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Finlayson wants less emotion to wash over foreshore

Fuseworks Media
Fuseworks Media
Chris Finlayson
Chris Finlayson

Wellington, April 1 NZPA - Explosive language around the foreshore and seabed issue should be avoided if there is to be a lasting solution to the problem, Attorney General Chris Finlayson said today.

Yesterday the Government said its preferred option to replace the Foreshore and Seabed Act was to declare it a public domain, which no one can own, while reasserting the right of Maori to seek customary but not freehold title through the courts.

The discussion document has been cautiously welcomed by many, but Maori Party MP Hone Harawira said he believed all the coastline should be vested in Maori customary title as the existing law essentially stole freehold title from Maoridom.

Mr Finlayson told Parliament he hoped the debate would rise above such emotive language.

"I think that as we move forward it is important to avoid explosive terms like 'steal' or 'appropriate'. I am keen to seek to achieve a reconciliation of interests," Mr Finlayson said.

"We could all look back to the past and throw sticks at one another, but I am seeking to rise above this and do the right thing for the country."

Labour MPs repeatedly reminded Mr Finlayson that previous National leaders had campaigned hard on the foreshore issue raising concerns that public access to the beaches could be lost to Maori ownership.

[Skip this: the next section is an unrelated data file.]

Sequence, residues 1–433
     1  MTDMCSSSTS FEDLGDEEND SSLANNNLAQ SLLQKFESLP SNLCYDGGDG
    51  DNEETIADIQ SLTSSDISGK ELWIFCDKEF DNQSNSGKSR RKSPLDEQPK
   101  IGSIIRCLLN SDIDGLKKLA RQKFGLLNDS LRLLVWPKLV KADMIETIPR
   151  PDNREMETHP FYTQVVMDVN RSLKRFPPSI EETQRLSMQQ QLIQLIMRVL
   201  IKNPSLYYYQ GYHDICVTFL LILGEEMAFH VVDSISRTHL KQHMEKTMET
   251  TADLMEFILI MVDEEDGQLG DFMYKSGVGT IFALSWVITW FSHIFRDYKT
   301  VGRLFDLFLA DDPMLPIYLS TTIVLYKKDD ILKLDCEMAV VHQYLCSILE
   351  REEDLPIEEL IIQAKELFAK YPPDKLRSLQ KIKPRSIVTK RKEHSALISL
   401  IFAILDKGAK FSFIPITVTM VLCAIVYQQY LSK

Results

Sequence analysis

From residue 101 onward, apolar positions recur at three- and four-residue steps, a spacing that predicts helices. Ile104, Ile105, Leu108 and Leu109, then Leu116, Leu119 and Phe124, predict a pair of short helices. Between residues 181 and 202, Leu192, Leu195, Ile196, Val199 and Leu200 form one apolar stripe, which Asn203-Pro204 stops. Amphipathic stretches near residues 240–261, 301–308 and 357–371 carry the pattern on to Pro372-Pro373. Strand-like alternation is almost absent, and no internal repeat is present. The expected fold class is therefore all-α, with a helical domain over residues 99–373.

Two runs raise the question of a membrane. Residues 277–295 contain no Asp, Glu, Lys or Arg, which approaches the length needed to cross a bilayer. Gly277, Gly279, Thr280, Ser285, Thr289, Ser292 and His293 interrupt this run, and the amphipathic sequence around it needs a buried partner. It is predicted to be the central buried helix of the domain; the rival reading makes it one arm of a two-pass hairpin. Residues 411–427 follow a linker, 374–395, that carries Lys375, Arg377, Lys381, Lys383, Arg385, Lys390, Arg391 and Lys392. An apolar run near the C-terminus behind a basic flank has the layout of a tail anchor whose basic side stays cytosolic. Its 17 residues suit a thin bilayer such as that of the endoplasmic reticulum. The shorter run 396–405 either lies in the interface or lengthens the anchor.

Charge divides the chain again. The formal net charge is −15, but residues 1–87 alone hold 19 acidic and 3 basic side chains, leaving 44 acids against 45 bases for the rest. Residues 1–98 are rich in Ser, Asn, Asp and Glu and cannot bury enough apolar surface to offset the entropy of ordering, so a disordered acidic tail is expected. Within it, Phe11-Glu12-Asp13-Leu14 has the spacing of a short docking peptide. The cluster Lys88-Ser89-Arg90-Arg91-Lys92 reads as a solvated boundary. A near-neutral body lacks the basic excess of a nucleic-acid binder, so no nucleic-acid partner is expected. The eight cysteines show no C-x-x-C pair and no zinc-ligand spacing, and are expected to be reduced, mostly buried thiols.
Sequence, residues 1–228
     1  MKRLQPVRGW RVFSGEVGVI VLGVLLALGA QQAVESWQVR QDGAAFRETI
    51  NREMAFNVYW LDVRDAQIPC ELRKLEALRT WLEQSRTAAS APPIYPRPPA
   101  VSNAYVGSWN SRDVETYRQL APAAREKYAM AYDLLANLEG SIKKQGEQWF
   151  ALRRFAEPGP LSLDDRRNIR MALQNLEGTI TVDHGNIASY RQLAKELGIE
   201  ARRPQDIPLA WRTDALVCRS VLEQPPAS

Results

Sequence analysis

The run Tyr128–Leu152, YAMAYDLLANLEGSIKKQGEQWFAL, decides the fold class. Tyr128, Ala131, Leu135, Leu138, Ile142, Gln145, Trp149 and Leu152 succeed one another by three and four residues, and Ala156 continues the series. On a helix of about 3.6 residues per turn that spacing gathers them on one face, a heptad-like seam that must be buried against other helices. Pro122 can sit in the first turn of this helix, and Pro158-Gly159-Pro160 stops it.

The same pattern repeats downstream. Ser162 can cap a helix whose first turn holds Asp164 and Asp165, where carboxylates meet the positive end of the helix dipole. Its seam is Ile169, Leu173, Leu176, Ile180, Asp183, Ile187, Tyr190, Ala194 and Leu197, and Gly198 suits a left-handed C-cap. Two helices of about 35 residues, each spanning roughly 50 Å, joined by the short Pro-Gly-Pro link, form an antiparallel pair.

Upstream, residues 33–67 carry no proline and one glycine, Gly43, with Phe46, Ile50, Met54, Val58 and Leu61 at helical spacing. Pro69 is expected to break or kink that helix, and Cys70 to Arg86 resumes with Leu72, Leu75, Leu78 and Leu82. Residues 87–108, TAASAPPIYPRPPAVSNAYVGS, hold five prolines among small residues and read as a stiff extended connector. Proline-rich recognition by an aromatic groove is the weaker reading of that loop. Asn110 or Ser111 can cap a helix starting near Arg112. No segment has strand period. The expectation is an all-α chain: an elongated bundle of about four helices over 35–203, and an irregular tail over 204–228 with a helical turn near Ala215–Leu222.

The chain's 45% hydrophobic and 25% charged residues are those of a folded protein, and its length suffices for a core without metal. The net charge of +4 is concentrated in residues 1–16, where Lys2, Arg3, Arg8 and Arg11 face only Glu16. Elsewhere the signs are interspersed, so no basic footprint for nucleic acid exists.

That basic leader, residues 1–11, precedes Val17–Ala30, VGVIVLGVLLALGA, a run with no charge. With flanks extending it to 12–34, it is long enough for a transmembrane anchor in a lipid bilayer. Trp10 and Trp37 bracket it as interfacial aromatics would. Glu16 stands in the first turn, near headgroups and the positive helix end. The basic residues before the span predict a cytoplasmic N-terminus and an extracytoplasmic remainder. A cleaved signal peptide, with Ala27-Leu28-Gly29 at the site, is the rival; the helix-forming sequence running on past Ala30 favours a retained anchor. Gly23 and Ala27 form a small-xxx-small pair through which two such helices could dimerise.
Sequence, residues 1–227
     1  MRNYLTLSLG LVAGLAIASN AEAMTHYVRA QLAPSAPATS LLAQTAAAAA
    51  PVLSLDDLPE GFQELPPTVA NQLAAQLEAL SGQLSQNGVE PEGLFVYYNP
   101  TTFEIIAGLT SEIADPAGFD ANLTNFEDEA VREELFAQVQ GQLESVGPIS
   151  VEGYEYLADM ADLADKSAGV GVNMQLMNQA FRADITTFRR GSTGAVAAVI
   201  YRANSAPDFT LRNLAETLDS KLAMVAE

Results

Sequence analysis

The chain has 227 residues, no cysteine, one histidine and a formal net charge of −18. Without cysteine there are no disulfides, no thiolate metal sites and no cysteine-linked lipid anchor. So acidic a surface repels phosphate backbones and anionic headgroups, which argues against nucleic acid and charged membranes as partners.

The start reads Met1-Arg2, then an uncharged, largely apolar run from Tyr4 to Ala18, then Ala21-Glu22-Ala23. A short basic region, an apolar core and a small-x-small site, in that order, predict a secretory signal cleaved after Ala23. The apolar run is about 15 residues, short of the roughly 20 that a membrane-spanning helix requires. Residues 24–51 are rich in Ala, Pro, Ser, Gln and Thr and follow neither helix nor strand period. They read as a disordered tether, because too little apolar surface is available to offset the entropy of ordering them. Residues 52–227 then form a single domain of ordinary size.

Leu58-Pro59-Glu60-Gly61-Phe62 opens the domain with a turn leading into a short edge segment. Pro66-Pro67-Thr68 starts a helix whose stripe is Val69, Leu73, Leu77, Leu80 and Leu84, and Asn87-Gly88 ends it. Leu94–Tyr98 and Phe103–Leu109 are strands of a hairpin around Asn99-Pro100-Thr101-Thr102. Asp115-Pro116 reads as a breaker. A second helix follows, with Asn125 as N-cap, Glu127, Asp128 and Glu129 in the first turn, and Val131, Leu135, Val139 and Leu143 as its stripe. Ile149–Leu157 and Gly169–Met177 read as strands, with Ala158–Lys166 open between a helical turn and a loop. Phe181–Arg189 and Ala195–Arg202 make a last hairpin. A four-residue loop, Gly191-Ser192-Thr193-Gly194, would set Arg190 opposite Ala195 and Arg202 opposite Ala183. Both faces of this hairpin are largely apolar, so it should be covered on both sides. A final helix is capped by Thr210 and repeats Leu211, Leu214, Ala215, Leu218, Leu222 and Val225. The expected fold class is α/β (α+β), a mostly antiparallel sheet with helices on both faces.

Mr Finlayson said things had changed.

"I am the first to admit that it is a different political environment from what it was seven years ago. I think there is a very good opportunity to work through this issue."

Labour MPs today dismissed the Government's proposals as changing very little.

Mr Finlayson said this was not true as they would restore customary titles for coastal areas and allow Maori to claim them in courts.

The definition of what sort of property rights such title would bring and what would be needed to qualify for them will probably be the focus of the month-long consultation process underway.

Prime Minister John Key has said if there wasn't widespread support for alternative legislation the existing Act would remain in place.

The previous government enacted the Foreshore and Seabed Act following a 2003 Court of Appeal ruling in the Ngati Apa case that raised the possibility, in some narrow instances, for Maori customary title to convert into freehold title.

That had the potential to put parts of the coastline under Maori control, and Labour legislated against it.

Widespread Maori opposition followed, and Tariana Turia quit Labour to form the Maori Party.

The discussion document made clear the public domain concept was the Government's preferred path.

Other options include:

* Restoring the right to claim customary title but retaining notional Crown ownership until customary rights were proven;

* Tinkering with the status quo; and

* Vesting ownership in Maori, determining who would hold ownership in a given area, while recognising others' rights.

Under all the options, the parts of the foreshore and seabed currently in private ownership or subject to existing property rights would remain that way.

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